Gwai Lo’s (Western/European) cuisine, is a generalised term collectively referring to the cuisines of Europe and other Western countries, including (depending on the definition) that of Russia, as well as non-indigenous cuisines of Australasia, Latin America, North America, and Oceania, which derive substantial influence from European settlers in those regions. Western cuisines are diverse by themselves, although there are common characteristics that distinguish Western cooking from cuisines of Asian countries and others. The biggest contrast – meat is more prominent and substantial in serving-size. Steak and cutlet in particular are common dishes across the West. Western cuisines also put substantial emphasis on Grape wine and on sauces as condiments, seasonings, or accompaniments. Many dairy products are utilised in the cooking process. Wheat-flour bread has long been the most common source of starch in this cuisine, along with Pasta, Dumplings and Pastries, although Potato is a major starch diet of the West. Salads (cold dishes with uncooked or cooked vegetables with sauce) are also an integral part of European cuisine. European meals are usually served in distinct courses, where dishes are presented sequentially. ~ Wikipedia.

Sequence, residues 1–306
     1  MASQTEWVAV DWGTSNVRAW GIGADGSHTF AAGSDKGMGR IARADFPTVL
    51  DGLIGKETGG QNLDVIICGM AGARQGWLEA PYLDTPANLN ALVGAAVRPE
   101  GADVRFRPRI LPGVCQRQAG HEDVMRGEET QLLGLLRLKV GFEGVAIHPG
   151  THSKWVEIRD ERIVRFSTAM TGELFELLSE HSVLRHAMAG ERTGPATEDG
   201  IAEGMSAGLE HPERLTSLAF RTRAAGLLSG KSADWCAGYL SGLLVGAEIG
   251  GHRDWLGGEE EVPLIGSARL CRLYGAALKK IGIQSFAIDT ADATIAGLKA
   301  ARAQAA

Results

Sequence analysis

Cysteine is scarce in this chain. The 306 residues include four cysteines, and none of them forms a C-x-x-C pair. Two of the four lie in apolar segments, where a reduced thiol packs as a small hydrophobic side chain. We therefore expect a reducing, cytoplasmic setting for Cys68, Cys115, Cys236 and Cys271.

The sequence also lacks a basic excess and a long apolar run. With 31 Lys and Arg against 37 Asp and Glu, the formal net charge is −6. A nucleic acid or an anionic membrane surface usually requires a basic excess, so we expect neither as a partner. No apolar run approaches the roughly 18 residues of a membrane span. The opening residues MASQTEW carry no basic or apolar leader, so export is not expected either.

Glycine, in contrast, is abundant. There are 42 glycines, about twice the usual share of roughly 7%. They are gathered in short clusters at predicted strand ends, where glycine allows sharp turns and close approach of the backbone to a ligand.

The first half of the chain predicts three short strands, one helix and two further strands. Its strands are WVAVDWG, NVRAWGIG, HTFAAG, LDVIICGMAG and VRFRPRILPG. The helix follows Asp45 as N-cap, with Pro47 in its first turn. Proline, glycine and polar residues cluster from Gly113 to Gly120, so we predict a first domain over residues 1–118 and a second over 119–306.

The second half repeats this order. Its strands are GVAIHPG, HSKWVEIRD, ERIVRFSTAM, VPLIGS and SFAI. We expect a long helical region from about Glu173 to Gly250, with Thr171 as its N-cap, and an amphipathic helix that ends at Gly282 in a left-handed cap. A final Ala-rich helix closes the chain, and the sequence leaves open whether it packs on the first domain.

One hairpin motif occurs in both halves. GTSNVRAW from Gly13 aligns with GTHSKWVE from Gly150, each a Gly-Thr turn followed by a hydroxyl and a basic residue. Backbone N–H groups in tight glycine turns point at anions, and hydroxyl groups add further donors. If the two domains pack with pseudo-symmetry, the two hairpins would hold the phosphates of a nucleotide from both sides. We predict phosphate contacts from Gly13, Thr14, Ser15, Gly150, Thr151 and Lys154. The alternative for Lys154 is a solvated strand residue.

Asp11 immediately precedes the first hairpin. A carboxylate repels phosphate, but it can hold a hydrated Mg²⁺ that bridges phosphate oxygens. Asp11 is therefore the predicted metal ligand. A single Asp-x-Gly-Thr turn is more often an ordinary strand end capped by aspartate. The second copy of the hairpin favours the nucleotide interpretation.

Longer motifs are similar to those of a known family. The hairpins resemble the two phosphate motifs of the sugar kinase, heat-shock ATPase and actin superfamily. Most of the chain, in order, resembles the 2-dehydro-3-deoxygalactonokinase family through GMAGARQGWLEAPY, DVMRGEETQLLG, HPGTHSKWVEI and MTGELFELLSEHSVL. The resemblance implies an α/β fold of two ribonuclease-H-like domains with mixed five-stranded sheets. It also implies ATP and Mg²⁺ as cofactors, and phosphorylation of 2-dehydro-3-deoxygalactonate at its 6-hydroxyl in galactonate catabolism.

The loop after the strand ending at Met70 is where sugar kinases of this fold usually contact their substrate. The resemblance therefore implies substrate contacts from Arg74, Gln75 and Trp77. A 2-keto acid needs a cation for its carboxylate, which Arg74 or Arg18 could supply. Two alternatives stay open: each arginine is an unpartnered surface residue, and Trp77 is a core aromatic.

Contrary to Chinese or Asian cooking, GwaiLo’s style is really quite rigid. Recipes are often exact to be comply with; thus making them easily compilable and passed on. Ever wonder why there are so many GwaiLo cooking/recipe books as compared to Chinese? Well, now you know (LoL)!
Here, at The VianD, the GwaiLo dishes presented are mostly tweaked by means of introducing or substituting local ingredients (obviously with a little bit of culinary sense) without losing too much of the flavors and authenticity of the dish. Beside being adventurous and creative, it is also because of the accessibility/availability of certain fresh ingredients as opposed to using dried imported western ingredients. Anyway, if it taste good, looks good, who cares and why not, right ??